Artist: Claire Fontaine
Venue: Sorry We’re Closed, Brussels
Exhibition Title: Changement de propriétaire (Change of owner)
Date: March – April, 2009
Full gallery of images, press release and link available after the jump.
Images courtesy Sorry We’re Closed, Brussels
On the occasion of her exhibition at Sorry We’re Closed Claire Fontaine works on one of her recurrent themes : the crisis and its effects on the body and desires. In Changement de propriétaire she presents different works connected to each other by the way they evoke recycling, cleaniness, the contrasted functionality of household appliances and solitude.
The sculpture exhibited in the window Untitled (flag dryer) composed of a modified industrial dryer and of several Belgian flags tackles the cycle and the stagnation as typical aspects of the rags of any national identity. The continuous drying of the flags is in the same time a bitter consideration about corruption and a comment on the Belgian habit of displaying the national flag outside apartment windows; this action is compared to the one of hanging out the washing, that even if not dirty, would be better far from the eyes of the passerby.
The work Untitled (dildo washer) echoes it, is a domestic dishwasher filled with latex dildos. The dildo, being the symbol of the deepest promiscuity between the object and the human flesh, a very schematic example of fetishism, becomes here an industrial washable tool to be reused by others within an anonymous chain of the consumption of satisfaction.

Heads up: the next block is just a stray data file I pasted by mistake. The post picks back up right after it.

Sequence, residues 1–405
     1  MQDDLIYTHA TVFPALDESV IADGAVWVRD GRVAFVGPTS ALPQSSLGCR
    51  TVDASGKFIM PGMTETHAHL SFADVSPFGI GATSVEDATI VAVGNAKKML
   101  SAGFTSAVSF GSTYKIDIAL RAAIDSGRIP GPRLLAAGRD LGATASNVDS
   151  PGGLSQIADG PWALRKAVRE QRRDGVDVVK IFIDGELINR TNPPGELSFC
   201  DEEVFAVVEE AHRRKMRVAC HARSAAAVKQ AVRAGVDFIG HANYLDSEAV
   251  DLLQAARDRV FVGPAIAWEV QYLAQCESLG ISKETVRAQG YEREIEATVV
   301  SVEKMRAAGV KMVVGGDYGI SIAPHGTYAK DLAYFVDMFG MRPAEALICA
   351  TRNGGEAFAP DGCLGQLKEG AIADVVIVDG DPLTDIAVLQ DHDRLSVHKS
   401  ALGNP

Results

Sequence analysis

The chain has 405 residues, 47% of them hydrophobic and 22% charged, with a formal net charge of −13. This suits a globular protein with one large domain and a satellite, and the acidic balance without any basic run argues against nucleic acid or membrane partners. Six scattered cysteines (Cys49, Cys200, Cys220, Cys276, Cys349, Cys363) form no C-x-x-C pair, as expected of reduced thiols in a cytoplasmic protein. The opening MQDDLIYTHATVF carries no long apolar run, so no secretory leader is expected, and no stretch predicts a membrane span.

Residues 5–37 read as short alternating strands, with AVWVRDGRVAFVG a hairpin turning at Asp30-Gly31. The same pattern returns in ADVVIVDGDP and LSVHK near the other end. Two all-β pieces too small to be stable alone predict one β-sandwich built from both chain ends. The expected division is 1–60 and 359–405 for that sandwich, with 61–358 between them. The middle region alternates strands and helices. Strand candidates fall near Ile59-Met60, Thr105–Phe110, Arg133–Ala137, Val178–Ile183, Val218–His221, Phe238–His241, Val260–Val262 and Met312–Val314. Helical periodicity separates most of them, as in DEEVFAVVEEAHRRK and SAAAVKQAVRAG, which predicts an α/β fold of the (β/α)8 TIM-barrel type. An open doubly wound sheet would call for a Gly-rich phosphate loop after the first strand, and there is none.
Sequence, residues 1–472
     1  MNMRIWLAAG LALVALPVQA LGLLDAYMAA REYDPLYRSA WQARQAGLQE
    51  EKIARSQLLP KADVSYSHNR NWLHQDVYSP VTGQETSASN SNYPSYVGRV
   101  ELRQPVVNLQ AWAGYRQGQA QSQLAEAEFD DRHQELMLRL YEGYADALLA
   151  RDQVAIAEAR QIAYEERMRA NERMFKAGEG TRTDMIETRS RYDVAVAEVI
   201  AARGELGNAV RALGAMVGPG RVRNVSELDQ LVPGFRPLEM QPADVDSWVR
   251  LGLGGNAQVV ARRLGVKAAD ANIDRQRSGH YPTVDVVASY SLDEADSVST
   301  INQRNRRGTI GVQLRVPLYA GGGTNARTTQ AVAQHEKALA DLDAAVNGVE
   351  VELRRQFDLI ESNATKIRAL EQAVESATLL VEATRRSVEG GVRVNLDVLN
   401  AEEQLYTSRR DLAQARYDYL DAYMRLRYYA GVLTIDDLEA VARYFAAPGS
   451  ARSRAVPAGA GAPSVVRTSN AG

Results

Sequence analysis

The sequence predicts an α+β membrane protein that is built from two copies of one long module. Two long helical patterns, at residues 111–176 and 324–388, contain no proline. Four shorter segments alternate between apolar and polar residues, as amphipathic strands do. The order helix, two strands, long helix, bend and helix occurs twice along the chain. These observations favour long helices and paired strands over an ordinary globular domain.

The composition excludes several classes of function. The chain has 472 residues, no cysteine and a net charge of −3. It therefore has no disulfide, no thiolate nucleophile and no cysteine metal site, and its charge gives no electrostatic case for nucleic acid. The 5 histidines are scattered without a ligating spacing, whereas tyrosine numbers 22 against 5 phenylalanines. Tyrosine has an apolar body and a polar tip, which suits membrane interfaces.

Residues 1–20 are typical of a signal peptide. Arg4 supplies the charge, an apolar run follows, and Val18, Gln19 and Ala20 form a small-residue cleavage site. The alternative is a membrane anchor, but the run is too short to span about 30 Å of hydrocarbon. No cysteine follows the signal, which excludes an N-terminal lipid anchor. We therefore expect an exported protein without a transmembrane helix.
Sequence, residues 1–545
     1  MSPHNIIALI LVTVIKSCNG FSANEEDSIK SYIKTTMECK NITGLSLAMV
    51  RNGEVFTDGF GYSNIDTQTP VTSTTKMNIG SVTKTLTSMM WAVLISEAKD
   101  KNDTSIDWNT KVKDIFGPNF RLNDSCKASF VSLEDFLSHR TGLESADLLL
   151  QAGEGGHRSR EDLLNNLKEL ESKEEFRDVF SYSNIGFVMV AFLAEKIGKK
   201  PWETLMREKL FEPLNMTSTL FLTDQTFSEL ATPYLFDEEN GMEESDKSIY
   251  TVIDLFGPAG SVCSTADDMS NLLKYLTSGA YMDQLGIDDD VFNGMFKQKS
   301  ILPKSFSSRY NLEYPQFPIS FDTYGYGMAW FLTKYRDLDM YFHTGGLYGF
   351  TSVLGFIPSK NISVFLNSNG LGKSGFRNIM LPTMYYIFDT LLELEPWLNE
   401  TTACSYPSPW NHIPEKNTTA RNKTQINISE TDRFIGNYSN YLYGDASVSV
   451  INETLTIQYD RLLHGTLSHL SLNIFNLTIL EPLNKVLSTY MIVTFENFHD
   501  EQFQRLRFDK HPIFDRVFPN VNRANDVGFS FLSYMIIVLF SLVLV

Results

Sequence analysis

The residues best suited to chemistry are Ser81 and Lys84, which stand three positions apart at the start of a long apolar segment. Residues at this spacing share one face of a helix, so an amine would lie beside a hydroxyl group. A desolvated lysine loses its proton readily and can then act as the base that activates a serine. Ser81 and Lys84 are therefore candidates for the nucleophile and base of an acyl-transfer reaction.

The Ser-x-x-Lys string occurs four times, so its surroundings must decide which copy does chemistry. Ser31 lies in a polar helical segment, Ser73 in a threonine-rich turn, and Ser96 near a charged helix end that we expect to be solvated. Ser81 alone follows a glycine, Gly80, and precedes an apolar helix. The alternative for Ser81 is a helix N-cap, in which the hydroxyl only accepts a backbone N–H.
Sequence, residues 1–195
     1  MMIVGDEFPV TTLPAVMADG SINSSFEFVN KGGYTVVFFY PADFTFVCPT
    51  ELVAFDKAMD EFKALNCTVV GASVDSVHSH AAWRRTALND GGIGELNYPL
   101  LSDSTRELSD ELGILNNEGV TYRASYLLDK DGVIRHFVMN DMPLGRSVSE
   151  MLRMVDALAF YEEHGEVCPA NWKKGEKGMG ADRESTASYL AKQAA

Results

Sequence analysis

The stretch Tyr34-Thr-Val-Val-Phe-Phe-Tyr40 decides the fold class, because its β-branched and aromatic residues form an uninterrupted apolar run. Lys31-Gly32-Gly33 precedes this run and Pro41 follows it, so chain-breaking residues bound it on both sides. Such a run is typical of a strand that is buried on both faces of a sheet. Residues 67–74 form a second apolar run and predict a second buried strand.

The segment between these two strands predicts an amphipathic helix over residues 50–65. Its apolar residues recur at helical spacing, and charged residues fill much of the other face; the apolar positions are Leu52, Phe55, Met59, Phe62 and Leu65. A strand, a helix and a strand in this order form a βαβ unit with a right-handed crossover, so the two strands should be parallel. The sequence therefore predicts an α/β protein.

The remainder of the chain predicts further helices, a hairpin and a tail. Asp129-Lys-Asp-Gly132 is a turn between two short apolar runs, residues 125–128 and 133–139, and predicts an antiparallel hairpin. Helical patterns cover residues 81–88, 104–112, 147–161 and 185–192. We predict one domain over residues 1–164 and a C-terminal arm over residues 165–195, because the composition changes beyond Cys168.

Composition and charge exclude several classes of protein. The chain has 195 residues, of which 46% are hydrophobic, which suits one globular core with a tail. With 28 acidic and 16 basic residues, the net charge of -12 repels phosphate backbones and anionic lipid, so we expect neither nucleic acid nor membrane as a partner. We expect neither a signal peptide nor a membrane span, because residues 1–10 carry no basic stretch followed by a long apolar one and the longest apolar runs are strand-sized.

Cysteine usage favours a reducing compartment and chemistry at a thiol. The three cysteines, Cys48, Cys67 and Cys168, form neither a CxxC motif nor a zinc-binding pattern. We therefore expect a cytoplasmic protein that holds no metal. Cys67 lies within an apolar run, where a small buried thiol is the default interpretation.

The neon sign Please God Make Tomorrow Better flashes in the rhythm of hazard light and points a suspended present and a general impotency to act upon the future.
The sculpture I displays a video of the destruction of an I-Phone transmitted by an horizontal plasma screen lying on the gallery floor, it can be read as a comment on the touch screen technology that pushes the user to caress its machine and to speak through it as if he was speaking to it. A screen becomes the messenger of the demolition of another smaller one, whose detached and ruined parts look like its own interior.
The various paintings are as many considerations on the vulgarity of the visual field in our time and on its inevitable promiscuity with advertising.
Claire Fontaine, Paris March 2009